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Update Newsletter: Summer 2003

Merchants' Concerns Take Center Stage at PCC-Sponsored Innovation at the Point of Sale Conference

Not long ago, a merchant's decision about the kinds of payments it would accept from its customers was among its least complicated management challenges and had little strategic significance. The list of payment forms was rather short, and the decision had little impact on the merchant's overall profitability. This is no longer the case. Today, merchants are confronted with a long list of payment options, each with its own set of cost, efficiency, and usage considerations. Ultimately, the forms of payment a merchant accepts can be a competitive advantage, affecting sales and customer loyalty.

In an effort to understand how merchants evaluate different kinds of payment products, how merchants' banks (i.e., merchant acquirers) support these products, and how the newest of these payment products work, the Payment Cards Center sponsored a conference titled Innovation at the Point of Sale. The one-day event brought together more than 60 payments professionals, including representatives from six of the 12 Federal Reserve Banks, the OCC, the Board of Governors, institutional payment innovators, and national retailers.

T. Jack Williams, a senior vice president at National Processing Company (NPC) who helped organize the event, opened with an overview of merchant processing and various payment innovations currently in development by his firm and partner clients. Williams explained how merchant acquirers, such as NPC, serve merchants by obtaining approval and facilitating payment for their electronic transactions (e.g., credit card or debit card transactions).

The success of any new payment technology, Williams asserted, depends on its ability to provide merchants with incremental sales and lower transaction processing costs. Electronic check conversion, smart cards, prepaid debit cards, radio-frequency identification, fingerprint scans, and iris scans are some of the technologies that Williams described as competing for acceptance in merchants' real and virtual checkout lanes. "Bleeding edge" technology, he believes, does not have a chance at mass adoption by merchants unless it can present a strong business case based on incremental sales.

After Williams's introduction, representatives from three payments innovators described their alternative check-based payment solutions. Teri Hoehn from NACHA — The Electronic Payments Association; Dante Terrana of Visa POS Check Service; and Ronald Congemi of Star Systems, a Concord EFS Company (an owner-partner in SafeCHECK), participated in a panel discussion of check electronification at the point of sale.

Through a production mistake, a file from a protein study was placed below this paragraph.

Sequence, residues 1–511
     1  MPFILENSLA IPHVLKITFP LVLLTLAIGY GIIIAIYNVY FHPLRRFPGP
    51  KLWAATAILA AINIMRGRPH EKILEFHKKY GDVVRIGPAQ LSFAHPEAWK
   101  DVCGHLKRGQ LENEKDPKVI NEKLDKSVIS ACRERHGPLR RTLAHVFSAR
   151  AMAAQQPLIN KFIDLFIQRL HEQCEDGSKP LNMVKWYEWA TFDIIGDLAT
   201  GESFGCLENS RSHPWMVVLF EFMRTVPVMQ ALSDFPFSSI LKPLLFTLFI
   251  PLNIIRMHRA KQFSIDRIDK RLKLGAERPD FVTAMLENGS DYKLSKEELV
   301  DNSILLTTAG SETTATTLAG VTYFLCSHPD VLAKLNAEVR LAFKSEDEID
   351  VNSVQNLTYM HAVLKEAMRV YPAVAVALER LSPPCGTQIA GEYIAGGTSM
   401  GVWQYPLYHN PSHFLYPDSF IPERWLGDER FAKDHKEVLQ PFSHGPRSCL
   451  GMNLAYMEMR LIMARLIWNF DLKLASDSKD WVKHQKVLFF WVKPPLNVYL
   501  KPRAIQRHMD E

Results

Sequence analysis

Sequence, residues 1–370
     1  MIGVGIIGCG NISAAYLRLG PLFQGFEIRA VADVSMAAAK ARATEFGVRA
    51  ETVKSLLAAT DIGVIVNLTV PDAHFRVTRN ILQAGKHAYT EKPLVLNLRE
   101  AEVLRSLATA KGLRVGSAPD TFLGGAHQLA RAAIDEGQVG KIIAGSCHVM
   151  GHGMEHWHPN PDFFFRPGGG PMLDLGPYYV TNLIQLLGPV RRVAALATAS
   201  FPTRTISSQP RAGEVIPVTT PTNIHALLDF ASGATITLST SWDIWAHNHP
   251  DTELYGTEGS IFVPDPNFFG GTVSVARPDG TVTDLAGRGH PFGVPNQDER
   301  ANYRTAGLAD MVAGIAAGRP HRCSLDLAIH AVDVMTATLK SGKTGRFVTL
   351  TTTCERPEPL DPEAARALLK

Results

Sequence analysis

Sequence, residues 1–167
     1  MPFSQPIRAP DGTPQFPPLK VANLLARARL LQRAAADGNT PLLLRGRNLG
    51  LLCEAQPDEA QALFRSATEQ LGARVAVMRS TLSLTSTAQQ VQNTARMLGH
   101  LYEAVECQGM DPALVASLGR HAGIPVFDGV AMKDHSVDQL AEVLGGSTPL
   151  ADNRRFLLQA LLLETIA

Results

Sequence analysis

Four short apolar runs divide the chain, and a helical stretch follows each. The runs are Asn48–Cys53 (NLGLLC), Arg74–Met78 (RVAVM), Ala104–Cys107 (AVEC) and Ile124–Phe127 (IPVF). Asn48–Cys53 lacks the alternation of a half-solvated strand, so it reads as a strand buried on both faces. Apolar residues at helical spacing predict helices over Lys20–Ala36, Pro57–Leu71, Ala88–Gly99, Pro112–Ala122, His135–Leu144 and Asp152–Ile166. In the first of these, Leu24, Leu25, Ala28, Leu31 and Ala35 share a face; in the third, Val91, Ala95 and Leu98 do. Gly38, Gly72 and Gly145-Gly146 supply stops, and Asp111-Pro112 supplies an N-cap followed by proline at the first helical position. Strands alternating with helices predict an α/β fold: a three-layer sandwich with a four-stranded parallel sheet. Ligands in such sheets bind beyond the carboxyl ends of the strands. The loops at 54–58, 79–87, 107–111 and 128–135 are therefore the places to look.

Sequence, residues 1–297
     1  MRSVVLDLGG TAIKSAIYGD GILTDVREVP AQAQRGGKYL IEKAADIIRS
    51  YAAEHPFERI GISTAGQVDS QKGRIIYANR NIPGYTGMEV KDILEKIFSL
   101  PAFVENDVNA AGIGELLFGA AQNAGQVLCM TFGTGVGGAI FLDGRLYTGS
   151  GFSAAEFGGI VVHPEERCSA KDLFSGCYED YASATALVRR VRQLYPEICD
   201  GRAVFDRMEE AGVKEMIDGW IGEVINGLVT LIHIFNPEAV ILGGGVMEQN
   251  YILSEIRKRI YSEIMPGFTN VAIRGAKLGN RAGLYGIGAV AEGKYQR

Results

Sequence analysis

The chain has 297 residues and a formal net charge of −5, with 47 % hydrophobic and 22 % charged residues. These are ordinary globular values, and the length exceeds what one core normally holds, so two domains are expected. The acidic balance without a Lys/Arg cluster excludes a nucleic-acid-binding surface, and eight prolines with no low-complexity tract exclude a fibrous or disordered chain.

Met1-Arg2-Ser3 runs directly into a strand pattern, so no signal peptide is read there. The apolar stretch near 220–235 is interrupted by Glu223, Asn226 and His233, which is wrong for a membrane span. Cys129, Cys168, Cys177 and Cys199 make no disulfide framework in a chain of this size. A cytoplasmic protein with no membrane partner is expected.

Despite advances in card-based payments and the declining use of cash, the value of consumer purchases made by check at the point of sale is larger than the value of purchases made by card and other electronic means combined. For this reason, Visa, SafeCHECK, and NACHA are investing in technologies that "electronify" check-based transactions. Using a terminal that reads the magnetic ink on the bottom of customers' checks, the technology allows merchants to convert checks presented at the point of sale into electronic payment messages. This "conversion" may make it possible for merchants to confirm the availability of a customer's funds, decrease check float, and reduce fraud exposure. In describing their processes, the three panelists agreed that, despite dwindling check volumes, conversion provides check-accepting merchants with savings that more than offset the costs associated with purchasing the technology.

A second panel examined point-of-sale innovations from the perspective of an important but often overlooked party-the merchant. Donald Roddy of Sonic, a quick-service restaurant (QSR) chain that operates in southcentral states; Henry Bray of ExxonMobil; and Daniel Olstad of Best Buy discussed how payment systems have become an integral part of their consumer marketing strategies and how merchants evaluate new payment technologies. All three merchants agreed that the most successful payment technologies can increase customer loyalty, customer traffic, the average amount a customer spends, and overall sales. It is also important to merchants that the technologies reduce costs, make checkout easier and faster, and be easily understood by customers.

Roddy explained how Sonic's adoption of credit cards increased transaction amounts more than 50 percent. Best Buy's Olstad argued that PIN-based debit represents a huge opportunity for merchants. At one-third the cost of credit and one-half the cost of check, debit is the payment medium that Best Buy wants its customers to use the most. Bray indicated that the ExxonMobil Speedpass, a payment form that incorporates radio-frequency identification technology, is a comparatively expensive payment option. ExxonMobil, however, has been aggressive in marketing the technology because of its ability to simplify buying and build customer loyalty.

From the merchants' perspective, innovators need to be mindful of the substantial investments that new payment technologies require and make certain that new technologies offer merchants a compelling value proposition.

The conference closed with a brief discussion of the importance of bringing all participants in the payments chain, including merchants, together to discuss emerging issues. The interdependencies inherent in consumer payments systems require that any successful payment-facilitating or payment-accepting entity understand how technologies benefit and burden others in the chain.

For a more detailed summary of the day's discussion, please see the conference summary titled Innovation at the Point of Sale PDF on the PCC's website.